The Love Song of J. Alfred Prufrock Summary and Analysis
by T.S. Eliot
Lines 87-131 Summary:
Prufrock wonders if, after various social gestures, it would have been worthwhile to act decisively if it resulted in a woman's rejection of him. He thinks he is not a Prince Hamlet figure, but a secondary character in life. Worried over growing old, he adopts the fashions of youth. By the beach, he sees images of mermaids singing and swimming.
The movement in the final section of the poem swings from fairly concrete, realistic scenes from the social world - "After the cups, the marmalade, the teaAfter the novels, and the teacups, after the skirts that trail along the floor" (88, 102) - to fantastic images of mermaids "riding seaward on the waves / Combing the white hair of the waves blown back" (126-127). Eliot's objective correlative grows more vague; what exactly does Prufrock feel here? Perhaps Prufrock himself is unsure: "It is impossible to say just what I mean! / But as if a magic lantern threw the nerves in patterns on a screen" (104-105). His own inarticulacy results in the magic lantern's wild kaleidoscopic imagery of teacups and mermaids; aside from desperation and loneliness, confusion is one of the objective correlative's main emotional associations.
But Prufrock shows a wise self-regard when he admits he is
not Prince Hamlet, nor was meant to be;
Am an attendant lord, one that will do
To swell a progress, start a scene or two,
Advise the prince; no doubt, an easy tool,
Deferential, glad to be of use,
Politic, cautious, and meticulous;
Hamlet, Shakespeare's famous tragic hero from the play of the same name, is literature's other great indecisive man. Hamlet waffles between wanting to kill his stepfather and holding off for a variety of reasons. The allusion, then, is somewhat ironic, since Prufrock is not even as decisive as Hamlet is. Instead, he is more like the doddering Polonius of Hamlet (the "for you yourself, sir" quote from Hamlet 2.2.205-206, if the "ragged claws"  line alludes to it, is spoken by Hamlet to Polonius), or the conventional Shakespearean "Fool" (119). Prufrock is the second-in-command at best, and he comes off as a mock-hero; even the absence of an "I" preceding "Am an attendant lord" bespeaks his lack of ego. The numerous caesurae (pauses) from commas and semicolons in the stanza underscore Prufrock's stagnation and paralysis.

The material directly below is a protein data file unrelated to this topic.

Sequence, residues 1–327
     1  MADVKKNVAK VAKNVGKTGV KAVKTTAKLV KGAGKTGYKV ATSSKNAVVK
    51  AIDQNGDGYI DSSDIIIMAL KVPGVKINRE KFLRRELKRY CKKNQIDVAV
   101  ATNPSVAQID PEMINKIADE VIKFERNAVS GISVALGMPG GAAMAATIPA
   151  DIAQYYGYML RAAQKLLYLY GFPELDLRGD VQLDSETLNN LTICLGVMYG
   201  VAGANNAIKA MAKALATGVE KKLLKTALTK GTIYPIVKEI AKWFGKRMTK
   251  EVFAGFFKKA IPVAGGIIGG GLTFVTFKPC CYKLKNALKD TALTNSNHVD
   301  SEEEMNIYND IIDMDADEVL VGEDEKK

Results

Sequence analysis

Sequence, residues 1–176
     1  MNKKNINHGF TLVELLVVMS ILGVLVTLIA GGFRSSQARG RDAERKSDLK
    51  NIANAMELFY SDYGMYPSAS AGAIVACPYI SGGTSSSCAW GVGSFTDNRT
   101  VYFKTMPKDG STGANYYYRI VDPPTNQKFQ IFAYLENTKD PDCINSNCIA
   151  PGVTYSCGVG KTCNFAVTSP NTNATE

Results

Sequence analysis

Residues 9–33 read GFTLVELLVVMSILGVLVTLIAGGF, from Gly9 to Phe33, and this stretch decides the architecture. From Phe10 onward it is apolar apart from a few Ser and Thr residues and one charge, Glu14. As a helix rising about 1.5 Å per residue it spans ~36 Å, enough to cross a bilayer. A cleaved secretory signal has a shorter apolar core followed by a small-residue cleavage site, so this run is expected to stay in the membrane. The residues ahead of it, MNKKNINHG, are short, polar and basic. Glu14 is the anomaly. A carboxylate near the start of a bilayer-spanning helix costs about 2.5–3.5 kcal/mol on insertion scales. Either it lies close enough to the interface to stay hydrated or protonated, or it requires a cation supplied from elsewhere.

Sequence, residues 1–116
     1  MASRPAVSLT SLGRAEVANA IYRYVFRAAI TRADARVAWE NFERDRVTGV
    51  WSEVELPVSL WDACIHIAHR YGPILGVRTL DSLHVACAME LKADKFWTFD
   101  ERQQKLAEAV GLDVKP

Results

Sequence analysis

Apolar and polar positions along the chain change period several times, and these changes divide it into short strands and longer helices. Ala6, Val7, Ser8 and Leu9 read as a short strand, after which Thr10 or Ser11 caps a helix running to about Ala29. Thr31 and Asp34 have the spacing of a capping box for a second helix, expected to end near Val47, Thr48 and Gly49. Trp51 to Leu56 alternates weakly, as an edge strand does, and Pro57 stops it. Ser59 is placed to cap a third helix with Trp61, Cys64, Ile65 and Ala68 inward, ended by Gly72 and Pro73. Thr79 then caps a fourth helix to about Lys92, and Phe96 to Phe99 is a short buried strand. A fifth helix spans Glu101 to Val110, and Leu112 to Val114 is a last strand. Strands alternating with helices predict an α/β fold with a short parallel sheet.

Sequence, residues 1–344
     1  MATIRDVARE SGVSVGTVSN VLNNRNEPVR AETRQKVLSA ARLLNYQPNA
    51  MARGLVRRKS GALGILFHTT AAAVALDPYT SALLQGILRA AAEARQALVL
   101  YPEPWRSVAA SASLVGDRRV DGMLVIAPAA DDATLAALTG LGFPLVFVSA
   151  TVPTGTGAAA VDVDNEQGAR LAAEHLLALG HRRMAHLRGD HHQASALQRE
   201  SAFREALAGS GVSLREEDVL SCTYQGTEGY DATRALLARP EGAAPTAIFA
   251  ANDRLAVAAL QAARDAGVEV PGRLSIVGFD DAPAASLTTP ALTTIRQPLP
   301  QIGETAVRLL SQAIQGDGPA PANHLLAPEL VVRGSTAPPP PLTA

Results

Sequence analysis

The only thing in Prufrock's life not paralyzed is time; it marches on, and Prufrock laments "I grow old . . . I grow old . . . / I shall wear the bottoms of my trousers rolled" (121). The rolled trouser, a popular bohemian style at the time, is a pathetic attempt to ward off death. While he continues to be anxious about the future, Prufrock now seems to regard the future, paradoxically, from a future standpoint. His refrain of "And would it have been worth it, after all" (87, 99) places his actions in the perfect conditional tense. It is as though he is reviewing actions he has yet to take. Either time has accelerated his aging process, or this look to the past is a way for Prufrock to delude himself into thinking he has made some decisive progress in life.
Previously, Prufrock wondered if he should "dare / Disturb the universe" (45-46) and squeeze "the universe into a ball" (92). The latter is a reference to Marvell's "To His Coy Mistress": "Let us roll all our strength and all / Our sweetness up into one ball, / And tear our pleasures with rough strife / Thorough the iron gates of life" (41-44). Marvell urges his lady to engage in sex with him, as death draws ever closer and their time is running out.